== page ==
(n.) the process of creating or continuing the existence of a poor class of people
In 1774, the political theorist and Whig politician James Burgh coined a new term, ptochocracy, for a government elected by the poor. Burgh’s theory was that any government thus elected was thereby, in his understanding, blind to all issues except those that affected support for the poor.
The British government, therefore, taking it according to its avowed state, is neither absolute monarchy nor limited monarchy, nor aristocracy, nor democracy, nor a mixture of monarchy, aristocracy and democracy; by may be called a ptochocracy (the reader will pardon a new word) or government of beggars. For a few beggarly boroughs do avowedly elect the most important part of the government, the part which commands the purse.
James Burgh, Political Disquisition (1774)
Burgh invented his new word from the Greek word for ‘poverty’, ptokhós—and it’s this that is also the origin of the word that concerns us here.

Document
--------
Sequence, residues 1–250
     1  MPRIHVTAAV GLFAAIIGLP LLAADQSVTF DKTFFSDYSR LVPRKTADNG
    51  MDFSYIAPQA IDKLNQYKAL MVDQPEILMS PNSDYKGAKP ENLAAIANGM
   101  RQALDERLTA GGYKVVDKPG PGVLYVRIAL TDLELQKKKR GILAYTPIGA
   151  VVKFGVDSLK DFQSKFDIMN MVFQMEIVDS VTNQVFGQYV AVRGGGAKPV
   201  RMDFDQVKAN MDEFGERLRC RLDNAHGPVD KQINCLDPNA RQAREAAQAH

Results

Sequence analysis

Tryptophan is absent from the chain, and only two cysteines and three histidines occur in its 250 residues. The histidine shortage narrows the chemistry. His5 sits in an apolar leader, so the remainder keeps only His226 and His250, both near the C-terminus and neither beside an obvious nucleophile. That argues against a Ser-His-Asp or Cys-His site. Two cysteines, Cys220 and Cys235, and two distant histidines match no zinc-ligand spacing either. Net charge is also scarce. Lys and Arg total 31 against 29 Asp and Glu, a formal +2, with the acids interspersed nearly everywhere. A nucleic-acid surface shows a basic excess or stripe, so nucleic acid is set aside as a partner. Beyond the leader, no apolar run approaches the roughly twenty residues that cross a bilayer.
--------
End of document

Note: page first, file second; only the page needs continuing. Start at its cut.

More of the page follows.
Ptochogony is the process by which a government or ruling power creates, or else tolerates and maintains the existence of, an underclass of impoverished people. The Oxford English Dictionary dates this word to 1839, when it was first described as a “generation of beggars” by the English author and cleric Sydney Smith. It’s hard to tell from the context of Smith’s writing whether he made the word up himself or not, but regardless of its exact provenance ptochogony clearly comes from the same Greek root as Burgh’s ptochocracy.
The suffix –gony, meanwhile, is another Greek element: gonos, meaning ‘birth’ (a relative of words like genetics and generate) is used to form words in English bearing some sense of brining something into existence.
So theogony is the branch of theological thought that deals with the creation of gods. Cosmogony is the branch of astronomy that deals with the creation of the universe. Mythogony is the invention or study of the origins of myths and legends. Monogony is asexual reproduction. And ptochogony is the literal ‘creation’ of an impoverished class.